Three kinds of jewellery lighting effects
Once you’ve nailed down the shape and design of your jewels in flat colour, it’s time to add light. Use a soft, Round brush to paint in the absorbed light. It’s like a soft glow that emanates from the middle of the jewel. Paint it first because the highlights always go over it. Next up are the subsurface highlights. Gemstones are translucent, so you can see beneath the surface to the gem cuts and the object they’re embedded in. When light passes through and hits the surface on the other side, you get highlights in a colour similar to your stone. The regular highlights are more straightforward. As always, the highlight will fall on the precise point where your line of sight would bounce up to the light source, as if it were a pen laser. These highlights will be in the colour of the light source.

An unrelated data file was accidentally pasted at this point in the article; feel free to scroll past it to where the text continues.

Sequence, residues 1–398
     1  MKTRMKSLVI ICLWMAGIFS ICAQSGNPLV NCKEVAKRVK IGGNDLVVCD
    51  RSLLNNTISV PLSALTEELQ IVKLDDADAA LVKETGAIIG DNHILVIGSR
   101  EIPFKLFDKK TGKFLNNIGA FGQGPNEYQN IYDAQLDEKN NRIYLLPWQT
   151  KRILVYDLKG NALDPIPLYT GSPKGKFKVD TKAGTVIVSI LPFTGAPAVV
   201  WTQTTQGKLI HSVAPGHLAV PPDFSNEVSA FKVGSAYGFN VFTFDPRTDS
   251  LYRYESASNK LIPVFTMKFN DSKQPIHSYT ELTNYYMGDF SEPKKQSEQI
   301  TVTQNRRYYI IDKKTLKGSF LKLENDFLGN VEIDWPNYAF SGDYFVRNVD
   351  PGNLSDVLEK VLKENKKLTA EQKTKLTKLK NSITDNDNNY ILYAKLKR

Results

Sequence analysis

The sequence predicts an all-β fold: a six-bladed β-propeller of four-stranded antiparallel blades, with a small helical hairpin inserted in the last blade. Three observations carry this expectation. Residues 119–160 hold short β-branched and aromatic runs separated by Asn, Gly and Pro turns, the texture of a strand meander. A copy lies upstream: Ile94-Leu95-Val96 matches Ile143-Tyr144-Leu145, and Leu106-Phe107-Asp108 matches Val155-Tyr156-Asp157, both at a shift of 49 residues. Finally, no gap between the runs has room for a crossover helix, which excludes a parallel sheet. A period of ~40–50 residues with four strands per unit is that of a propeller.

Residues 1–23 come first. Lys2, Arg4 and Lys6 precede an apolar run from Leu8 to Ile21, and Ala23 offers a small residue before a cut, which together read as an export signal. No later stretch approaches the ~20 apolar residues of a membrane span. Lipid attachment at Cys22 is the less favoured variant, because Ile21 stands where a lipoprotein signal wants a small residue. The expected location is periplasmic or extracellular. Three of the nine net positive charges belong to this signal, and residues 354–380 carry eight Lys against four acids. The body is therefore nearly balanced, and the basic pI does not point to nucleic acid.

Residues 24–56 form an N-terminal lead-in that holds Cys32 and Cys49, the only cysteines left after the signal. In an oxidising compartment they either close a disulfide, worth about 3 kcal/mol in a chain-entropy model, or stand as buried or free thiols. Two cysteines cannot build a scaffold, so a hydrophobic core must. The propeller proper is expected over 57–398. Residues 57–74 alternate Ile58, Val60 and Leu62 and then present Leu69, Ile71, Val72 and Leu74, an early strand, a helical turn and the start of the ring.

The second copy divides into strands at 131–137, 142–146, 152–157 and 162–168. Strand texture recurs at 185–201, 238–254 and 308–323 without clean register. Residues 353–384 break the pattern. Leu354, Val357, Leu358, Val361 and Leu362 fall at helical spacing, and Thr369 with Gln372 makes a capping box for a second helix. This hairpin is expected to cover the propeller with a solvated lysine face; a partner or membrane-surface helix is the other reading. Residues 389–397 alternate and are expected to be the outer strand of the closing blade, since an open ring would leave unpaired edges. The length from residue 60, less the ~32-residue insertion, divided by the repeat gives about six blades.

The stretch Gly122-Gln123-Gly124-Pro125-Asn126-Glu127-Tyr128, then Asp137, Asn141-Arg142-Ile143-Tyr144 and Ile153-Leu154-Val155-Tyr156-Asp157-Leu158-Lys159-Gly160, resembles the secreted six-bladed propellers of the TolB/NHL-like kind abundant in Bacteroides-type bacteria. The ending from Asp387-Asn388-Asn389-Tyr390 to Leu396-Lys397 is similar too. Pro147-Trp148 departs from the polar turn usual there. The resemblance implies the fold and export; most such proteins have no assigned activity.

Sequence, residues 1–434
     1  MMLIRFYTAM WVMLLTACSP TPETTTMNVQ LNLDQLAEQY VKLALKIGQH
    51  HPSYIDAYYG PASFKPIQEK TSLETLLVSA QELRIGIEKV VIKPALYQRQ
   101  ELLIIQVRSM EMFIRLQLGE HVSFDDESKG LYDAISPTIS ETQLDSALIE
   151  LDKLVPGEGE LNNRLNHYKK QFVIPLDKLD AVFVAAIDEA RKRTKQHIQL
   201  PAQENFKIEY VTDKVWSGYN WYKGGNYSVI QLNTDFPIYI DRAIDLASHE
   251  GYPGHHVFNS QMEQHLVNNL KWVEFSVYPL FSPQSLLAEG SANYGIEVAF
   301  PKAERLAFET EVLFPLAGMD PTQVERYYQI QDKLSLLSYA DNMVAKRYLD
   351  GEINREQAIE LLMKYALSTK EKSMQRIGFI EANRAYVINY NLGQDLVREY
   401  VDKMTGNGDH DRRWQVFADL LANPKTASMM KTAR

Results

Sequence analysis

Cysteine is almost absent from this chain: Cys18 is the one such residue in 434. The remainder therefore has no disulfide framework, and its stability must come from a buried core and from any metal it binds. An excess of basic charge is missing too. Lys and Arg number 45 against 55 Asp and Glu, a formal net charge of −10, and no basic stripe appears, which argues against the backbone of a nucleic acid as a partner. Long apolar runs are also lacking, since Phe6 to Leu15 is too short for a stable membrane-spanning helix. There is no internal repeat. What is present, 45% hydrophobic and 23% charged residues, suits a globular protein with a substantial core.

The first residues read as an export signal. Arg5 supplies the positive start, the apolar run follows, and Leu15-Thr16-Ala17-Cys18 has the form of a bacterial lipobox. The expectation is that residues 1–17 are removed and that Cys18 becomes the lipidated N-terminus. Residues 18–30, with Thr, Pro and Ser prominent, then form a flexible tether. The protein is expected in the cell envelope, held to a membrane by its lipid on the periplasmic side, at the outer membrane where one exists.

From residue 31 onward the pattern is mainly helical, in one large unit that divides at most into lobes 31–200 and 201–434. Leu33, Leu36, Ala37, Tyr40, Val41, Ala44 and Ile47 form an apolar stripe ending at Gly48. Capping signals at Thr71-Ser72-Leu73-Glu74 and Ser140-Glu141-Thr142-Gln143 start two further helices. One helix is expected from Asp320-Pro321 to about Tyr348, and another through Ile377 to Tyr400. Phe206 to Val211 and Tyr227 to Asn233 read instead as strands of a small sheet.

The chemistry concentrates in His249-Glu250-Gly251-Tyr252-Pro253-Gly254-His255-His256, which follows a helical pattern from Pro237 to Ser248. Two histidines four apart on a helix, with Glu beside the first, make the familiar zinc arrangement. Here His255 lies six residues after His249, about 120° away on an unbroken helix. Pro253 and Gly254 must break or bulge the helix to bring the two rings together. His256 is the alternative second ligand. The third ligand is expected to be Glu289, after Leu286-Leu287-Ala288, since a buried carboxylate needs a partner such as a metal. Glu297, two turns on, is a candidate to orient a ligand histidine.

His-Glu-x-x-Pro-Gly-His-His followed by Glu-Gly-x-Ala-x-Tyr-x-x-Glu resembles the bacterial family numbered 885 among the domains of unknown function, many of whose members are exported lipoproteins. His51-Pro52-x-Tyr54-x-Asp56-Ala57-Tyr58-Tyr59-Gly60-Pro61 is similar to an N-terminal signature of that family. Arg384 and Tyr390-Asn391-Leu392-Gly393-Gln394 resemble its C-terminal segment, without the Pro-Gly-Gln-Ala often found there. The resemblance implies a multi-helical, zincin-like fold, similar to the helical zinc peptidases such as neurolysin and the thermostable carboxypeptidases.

Use elements to direct, or block, the path of the viewer’s eye. Point your elements towards your focal area with dynamic lines and perspective (1) and block the flow of view with parallel lines, to direct it back from wandering away (2). In creating cinematic key art you have to use the whole composition. Frame it to consciously direct the viewer’s eye and tell your story in the best possible way.